Whenever we assign a concrete value to an interface it gets converted to an interface during runtime. This is what happens for example every time you call fmt.Println and friends.

There’s an excellent post by Russ Cox if you’d like to dive deeper into interfaces.

Function types

The Go spec defines a function type as the set of all functions with the same parameter and result types.

In the beginning of this post I defined f:

type f = func() interface{}

With our newfound knowledge of interfaces and function types we can now formally define f as:

The set of all functions that take no parameters and return a single result of type interface{}.

The important point here is that f returns a static type interface{} and not any type as I had initially assumed. The fact that any value can be assigned to interface{} is not relevant. Doing so changes the concrete value and type stored inside the interface, not the result type of f.

This is clearly different than the type of fnReturningString and fnRetunrningInt.

We can confirm this using the reflect package:

fi := func() interface{} { return "back to" }
fs := func() string { return "the future" }

fmt.Println(reflect.TypeOf(fi))
// Output: func() interface {}

fmt.Println(reflect.TypeOf(fs))
// Output: func() string

fmt.Println(reflect.TypeOf(fi) == reflect.TypeOf(fs))
// Output: false

What can we do?

I couldn’t use f as intended because the functions assigned to it did not have a matching type! It’s also one of the reasons why you can’t assign a []T to an []interface{}.

Still, I’ve got duplicated code that I’d like to eliminate. What options do we have?

Matching return types

We can make our functions match f by changing their return types.

func fnReturningString() interface{} {
    return "I have mixed feelings about this"
}

func fnReturningInt() interface{} {
    return 99
}

While this works it’s not ideal. If the functions were coming from another package we wouldn’t be able to modify them. Moreover we’d be losing type safety and the self-documenting property that comes with it. Is there a better way?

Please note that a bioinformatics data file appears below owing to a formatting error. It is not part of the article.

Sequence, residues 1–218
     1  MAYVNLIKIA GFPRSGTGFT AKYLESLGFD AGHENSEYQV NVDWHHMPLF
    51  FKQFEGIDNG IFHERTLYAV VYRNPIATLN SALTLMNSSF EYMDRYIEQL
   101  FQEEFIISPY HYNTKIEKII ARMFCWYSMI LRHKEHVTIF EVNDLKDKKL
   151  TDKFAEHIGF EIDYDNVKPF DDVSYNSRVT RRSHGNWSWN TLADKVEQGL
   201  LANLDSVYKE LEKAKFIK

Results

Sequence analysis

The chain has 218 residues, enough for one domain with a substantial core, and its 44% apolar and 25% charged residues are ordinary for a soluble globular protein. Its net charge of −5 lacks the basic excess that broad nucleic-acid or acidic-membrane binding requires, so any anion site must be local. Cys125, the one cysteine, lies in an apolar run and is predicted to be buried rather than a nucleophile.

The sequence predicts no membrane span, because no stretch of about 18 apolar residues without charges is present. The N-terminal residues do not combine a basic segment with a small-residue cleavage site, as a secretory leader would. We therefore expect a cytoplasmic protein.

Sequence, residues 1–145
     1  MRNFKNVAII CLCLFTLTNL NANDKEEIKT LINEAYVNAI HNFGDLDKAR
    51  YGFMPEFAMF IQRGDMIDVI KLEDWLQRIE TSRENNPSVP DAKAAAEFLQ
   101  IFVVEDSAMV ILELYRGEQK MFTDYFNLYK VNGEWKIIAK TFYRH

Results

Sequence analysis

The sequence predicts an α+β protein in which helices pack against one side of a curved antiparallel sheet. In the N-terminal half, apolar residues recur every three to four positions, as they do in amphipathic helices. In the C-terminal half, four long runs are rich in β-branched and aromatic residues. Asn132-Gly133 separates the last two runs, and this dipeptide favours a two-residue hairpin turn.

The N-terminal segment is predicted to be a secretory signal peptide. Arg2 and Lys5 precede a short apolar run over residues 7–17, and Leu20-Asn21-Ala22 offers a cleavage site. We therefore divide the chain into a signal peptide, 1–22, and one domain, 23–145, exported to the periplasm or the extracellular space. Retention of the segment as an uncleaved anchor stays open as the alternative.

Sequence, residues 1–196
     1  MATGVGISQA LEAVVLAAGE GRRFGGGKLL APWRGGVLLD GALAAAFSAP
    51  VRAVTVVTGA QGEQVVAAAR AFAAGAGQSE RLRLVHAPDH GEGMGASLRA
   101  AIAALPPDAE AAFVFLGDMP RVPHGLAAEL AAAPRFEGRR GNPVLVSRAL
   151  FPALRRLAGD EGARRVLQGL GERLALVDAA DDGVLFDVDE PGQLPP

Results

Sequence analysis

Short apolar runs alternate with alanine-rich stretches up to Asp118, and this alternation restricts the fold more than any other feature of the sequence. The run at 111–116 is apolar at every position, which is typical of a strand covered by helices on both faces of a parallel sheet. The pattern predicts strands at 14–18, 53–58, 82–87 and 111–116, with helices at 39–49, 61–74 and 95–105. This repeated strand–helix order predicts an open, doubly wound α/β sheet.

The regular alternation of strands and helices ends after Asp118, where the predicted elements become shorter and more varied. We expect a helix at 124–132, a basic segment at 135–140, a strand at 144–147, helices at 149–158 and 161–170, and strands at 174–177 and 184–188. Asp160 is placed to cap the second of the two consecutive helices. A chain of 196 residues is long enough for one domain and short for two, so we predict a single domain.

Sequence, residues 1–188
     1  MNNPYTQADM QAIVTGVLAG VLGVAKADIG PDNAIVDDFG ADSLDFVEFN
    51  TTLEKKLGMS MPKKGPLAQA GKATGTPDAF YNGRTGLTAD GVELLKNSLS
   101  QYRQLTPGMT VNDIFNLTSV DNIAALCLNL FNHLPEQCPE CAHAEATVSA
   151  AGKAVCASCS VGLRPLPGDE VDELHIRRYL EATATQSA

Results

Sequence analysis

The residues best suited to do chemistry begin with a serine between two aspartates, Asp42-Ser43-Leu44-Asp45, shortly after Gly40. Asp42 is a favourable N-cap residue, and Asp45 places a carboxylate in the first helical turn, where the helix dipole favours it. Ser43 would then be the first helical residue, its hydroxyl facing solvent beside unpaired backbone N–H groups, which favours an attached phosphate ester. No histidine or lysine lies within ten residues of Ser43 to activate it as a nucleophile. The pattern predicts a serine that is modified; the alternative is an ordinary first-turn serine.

Anonymous functions

We could wrap our functions in an anonymous function whose type matches f.

type f = func() interface{}

func do(fn f) interface{} { ... }

func fnReturningString() string {
    return "Hakuna matata"
}

func main() {
    do(func() interface{} { return fnReturningString() })
}

There’s definitely a higher cognitive cost to pay here when reading the code. But we do get to keep the original definitions untouched and they’re clear on what they return. I prefer this way, though I would keep the do function unexported if at all possible.

Reflecting

There’s also a third way where do takes a parameter of type interface{} (instead of func() interface{}) . This way we can pass any function as a parameter. We’d then need to use reflection to expose the underlying function.

I leave it as an exercise for the reader but I’d like to point out that this approach has many flaws. Reflection should be used as a last resort and we’ve already found better solutions.

Generics

Maybe, soon?

Conclusion

Every value in Go has exactly one type that is known and fixed at compile time. Interface values are no exception, they too are statically typed.

Functions are defined by their set of parameter and result types. A function returning an int is a different type from a function returning an interface{}. Just like it’s different from a function returning a []bool.

I couldn’t assign my functions to f as they were different function types. This might’ve been obvious to some, but it wasn’t for me. It is now though!


Discussion: HN, Reddit